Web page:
Modern life can be stressful. The Health and Safety Executive defines stress as ‘The adverse reaction people have to excessive pressure or other types of demands placed on them. It is the body’s natural response to a demanding situation.
Whilst we all need a certain amount of pressure to keep us mentally alert and motivated; too much stress can have a very detrimental affect on your quality of life and subsequently on your health. Your oral health can also be affected putting you at risk of a number of different conditions that can affect your mouth, teeth and gums.
The technical term for jaw clenching and teeth grinding is called bruxism. More often than not this happens during sleep so you may not even realise that you are doing it.
If you are experiencing any of the following symptoms it could be that you are grinding or clenching your teeth subconsciously;
You should make an appointment with your dentist who will be able to carry out an examination and offer help and advice. Sometimes a mouthguard is recommended for sleeping.
Daytime bruxism can occur too, if this is happening to you, try to keep your mouth relaxed and your teeth apart when you are not eating.
Temporomandibular disorders (TMD) are a range of disorders that can affect the muscles and joints in the jaw and neck.
Temporomandibular Joint disorder is a condition that is specific to the joint that connects your lower jaw to your skull. Sore muscles and a clicking or popping of the jaw are indicators and constant clenching of the jaw can be the cause.
Again, if you think this could be affecting you, seek medical advice.
Some medicines that are used to treat stress and anxiety can have a drying effect on the mouth plus, feeling tense can cause you to breathe more rapidly and this in turn can dry your mouth out.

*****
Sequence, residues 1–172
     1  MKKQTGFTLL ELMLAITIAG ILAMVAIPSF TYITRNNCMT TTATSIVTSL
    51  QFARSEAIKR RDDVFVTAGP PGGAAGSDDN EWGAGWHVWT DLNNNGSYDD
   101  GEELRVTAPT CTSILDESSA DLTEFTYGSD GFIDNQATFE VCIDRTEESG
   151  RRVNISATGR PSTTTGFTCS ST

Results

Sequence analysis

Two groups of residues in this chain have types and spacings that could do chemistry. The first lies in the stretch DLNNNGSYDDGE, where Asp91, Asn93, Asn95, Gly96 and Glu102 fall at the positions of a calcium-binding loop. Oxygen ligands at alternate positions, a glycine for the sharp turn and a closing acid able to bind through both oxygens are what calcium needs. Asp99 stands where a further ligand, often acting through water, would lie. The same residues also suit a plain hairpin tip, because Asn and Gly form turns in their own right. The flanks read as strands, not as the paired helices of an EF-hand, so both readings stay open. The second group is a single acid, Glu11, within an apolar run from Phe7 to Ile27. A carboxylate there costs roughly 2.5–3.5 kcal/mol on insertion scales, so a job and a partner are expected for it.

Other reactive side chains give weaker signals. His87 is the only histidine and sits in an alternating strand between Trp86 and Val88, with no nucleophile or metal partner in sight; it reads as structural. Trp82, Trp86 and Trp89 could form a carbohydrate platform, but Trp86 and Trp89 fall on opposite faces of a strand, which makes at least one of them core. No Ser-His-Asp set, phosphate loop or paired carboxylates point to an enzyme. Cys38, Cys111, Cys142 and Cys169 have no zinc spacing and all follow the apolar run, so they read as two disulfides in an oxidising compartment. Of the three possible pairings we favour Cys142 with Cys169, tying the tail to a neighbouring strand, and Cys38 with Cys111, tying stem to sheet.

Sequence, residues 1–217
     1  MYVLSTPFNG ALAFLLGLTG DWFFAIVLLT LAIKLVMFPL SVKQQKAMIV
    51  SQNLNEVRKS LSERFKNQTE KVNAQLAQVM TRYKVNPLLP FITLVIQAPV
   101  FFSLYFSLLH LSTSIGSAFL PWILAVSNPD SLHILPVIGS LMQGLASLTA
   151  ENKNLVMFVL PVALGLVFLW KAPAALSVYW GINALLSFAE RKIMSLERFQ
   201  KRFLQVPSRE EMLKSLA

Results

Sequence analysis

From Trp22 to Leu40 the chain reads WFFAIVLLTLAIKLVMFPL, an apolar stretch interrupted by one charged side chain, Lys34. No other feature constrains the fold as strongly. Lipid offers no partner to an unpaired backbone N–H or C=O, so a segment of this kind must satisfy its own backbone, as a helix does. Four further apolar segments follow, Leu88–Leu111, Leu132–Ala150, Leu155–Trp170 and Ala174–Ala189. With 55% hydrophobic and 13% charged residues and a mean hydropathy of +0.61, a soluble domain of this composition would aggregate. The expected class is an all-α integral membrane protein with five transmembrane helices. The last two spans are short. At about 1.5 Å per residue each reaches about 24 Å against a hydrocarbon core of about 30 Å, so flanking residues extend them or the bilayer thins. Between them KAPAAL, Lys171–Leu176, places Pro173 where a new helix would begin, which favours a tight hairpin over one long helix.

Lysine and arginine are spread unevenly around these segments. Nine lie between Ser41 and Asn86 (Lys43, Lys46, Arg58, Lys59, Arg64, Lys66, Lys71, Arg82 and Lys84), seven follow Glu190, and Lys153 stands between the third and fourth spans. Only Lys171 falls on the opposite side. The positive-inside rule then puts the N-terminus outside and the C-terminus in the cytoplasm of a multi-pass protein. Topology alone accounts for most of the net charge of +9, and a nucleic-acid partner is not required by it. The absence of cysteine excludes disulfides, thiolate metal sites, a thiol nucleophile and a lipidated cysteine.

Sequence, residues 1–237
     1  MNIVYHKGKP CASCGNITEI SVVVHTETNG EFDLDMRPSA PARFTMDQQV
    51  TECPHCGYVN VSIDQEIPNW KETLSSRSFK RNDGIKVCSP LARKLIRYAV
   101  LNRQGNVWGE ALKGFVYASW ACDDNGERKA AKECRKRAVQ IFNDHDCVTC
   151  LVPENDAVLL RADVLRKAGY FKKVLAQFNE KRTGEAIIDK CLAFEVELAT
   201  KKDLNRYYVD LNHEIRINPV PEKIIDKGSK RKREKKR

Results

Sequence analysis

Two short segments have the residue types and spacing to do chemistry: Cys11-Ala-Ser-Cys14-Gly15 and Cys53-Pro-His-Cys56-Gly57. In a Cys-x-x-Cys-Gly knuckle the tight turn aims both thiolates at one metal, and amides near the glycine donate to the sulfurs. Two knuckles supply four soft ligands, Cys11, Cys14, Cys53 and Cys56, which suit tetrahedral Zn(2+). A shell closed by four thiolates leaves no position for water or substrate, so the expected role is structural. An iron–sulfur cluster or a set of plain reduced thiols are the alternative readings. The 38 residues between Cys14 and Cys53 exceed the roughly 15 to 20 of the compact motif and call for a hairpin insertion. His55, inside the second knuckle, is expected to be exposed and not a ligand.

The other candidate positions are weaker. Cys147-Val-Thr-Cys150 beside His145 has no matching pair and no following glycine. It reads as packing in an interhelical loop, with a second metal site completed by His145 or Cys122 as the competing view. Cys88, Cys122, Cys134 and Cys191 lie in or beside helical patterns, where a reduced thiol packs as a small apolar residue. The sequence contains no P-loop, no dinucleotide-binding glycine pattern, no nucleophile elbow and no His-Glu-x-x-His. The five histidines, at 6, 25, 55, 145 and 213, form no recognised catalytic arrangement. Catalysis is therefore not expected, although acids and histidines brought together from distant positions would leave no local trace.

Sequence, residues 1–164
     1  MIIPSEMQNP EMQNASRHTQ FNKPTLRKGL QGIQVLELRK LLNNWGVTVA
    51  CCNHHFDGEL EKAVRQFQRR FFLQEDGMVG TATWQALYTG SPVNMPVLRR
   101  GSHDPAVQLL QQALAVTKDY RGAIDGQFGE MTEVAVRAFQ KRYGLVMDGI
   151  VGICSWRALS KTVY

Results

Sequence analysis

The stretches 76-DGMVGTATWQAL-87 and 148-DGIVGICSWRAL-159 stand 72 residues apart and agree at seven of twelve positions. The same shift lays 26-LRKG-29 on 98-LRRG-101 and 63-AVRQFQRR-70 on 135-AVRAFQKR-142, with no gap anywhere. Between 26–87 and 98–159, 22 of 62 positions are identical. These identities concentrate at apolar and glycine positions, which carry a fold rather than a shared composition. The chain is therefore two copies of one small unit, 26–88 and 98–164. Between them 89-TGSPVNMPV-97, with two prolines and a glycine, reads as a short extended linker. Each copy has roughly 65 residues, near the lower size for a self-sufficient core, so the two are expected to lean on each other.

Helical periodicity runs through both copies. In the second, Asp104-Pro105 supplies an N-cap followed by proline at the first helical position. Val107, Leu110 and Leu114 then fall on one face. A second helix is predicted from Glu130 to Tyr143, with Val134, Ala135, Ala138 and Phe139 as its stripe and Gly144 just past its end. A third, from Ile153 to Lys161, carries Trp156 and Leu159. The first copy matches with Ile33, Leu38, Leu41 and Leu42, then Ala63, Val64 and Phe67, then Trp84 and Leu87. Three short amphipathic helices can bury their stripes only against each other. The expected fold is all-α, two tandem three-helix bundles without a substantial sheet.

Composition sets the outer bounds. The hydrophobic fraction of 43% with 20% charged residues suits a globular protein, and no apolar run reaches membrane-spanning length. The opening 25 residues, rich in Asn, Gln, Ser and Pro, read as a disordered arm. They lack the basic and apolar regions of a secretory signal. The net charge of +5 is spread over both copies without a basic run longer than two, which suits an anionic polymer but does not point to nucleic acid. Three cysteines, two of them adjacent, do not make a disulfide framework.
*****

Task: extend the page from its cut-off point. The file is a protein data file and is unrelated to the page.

When the mouth is dry and not producing enough saliva; food particles, debris and bacteria are not being rinsed away and this can lead to cavities, tooth decay and gum disease.
Keep your mouth hydrated and fresh by drinking water throughout the day. Eating crunchy fruit and vegetables can increase saliva production as can chewing sugar-free gum or sucking sugar-free sweets/mints.
Too much stress can weaken your immune system which can mean that you are less able to fight infections.
A good oral care routine is always important; but when you are feeling tired and under pressure it is easy to let things slide, don’t be tempted to skip the toothbrushing before getting into bed at night.
Eat plenty of immune boosting foods such as beetroot, blueberries, garlic, green vegetables, brazil nuts and ginger.
When you are feeling under pressure it’s easy to revert to bad habits. Smoking and excessive alcohol consumption both massively increase the risk of developing mouth cancer so try to find alternative ways to relax.
Small spots that have a white or greyish base and a red border are called canker sores. It is unclear why they occur, but it could be down to a weakened immune system, a virus or bacteria and increased anxiety will increase the chance of getting them.
They should clear up in about 10 days and in the meantime avoid spicy, acidic or hot foods that will irritate them.
The herpes simplex virus causes cold sores. Feeling upset, tired and run down can trigger an attack. They should heal on their own, but there are plenty of over the counter remedies that can help. Start treatment when you feel the tingling effect of one coming.
A well balanced lifestyle, following a healthy diet and taking regular exercise will all help to tackle the pressures that can sometimes overwhelm us and have an adverse effect on our health and wellbeing.
Here are some suggestions for relatively easy ways to combat stress –